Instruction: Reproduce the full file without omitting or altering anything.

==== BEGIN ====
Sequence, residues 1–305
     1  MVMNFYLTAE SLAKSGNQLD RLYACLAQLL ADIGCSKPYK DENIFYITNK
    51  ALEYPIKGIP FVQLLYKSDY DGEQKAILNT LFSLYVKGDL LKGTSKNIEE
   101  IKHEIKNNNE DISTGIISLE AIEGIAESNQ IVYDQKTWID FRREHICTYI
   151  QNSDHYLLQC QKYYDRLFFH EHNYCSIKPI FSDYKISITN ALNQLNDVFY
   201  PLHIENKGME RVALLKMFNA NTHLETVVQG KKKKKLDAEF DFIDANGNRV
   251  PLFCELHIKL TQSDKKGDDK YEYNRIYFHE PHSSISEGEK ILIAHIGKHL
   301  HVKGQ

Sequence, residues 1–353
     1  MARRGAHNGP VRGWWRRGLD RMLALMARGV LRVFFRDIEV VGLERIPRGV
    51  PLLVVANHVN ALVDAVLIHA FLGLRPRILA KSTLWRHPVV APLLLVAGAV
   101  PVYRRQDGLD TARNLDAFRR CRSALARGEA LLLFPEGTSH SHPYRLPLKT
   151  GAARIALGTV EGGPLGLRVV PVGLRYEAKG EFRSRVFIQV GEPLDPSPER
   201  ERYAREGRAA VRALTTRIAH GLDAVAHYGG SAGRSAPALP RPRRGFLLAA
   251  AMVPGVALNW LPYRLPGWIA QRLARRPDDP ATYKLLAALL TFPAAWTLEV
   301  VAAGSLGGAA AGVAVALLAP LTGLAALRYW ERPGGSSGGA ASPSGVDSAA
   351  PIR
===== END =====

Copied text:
Sequence, residues 1–305
     1  MVMNFYLTAE SLAKSGNQLD RLYACLAQLL ADIGCSKPYK DENIFYITNK
    51  ALEYPIKGIP FVQLLYKSDY DGEQKAILNT LFSLYVKGDL LKGTSKNIEE
   101  IKHEIKNNNE DISTGIISLE AIEGIAESNQ IVYDQKTWID FRREHICTYI
   151  QNSDHYLLQC QKYYDRLFFH EHNYCSIKPI FSDYKISITN ALNQLNDVFY
   201  PLHIENKGME RVALLKMFNA NTHLETVVQG KKKKKLDAEF DFIDANGNRV
   251  PLFCELHIKL TQSDKKGDDK YEYNRIYFHE PHSSISEGEK ILIAHIGKHL
   301  HVKGQ

Sequence, residues 1–353
     1  MARRGAHNGP VRGWWRRGLD RMLALMARGV LRVFFRDIEV VGLERIPRGV
    51  PLLVVANHVN ALVDAVLIHA FLGLRPRILA KSTLWRHPVV APLLLVAGAV
   101  PVYRRQDGLD TARNLDAFRR CRSALARGEA LLLFPEGTSH SHPYRLPLKT
   151  GAARIALGTV EGGPLGLRVV PVGLRYEAKG EFRSRVFIQV GEPLDPSPER
   201  ERYAREGRAA VRALTTRIAH GLDAVAHYGG SAGRSAPALP RPRRGFLLAA
   251  AMVPGVALNW LPYRLPGWIA QRLARRPDDP ATYKLLAALL TFPAAWTLEV
   301  VAAGSLGGAA AGVAVALLAP LTGLAALRYW ERPGGSSGGA ASPSGVDSAA
   351  PIR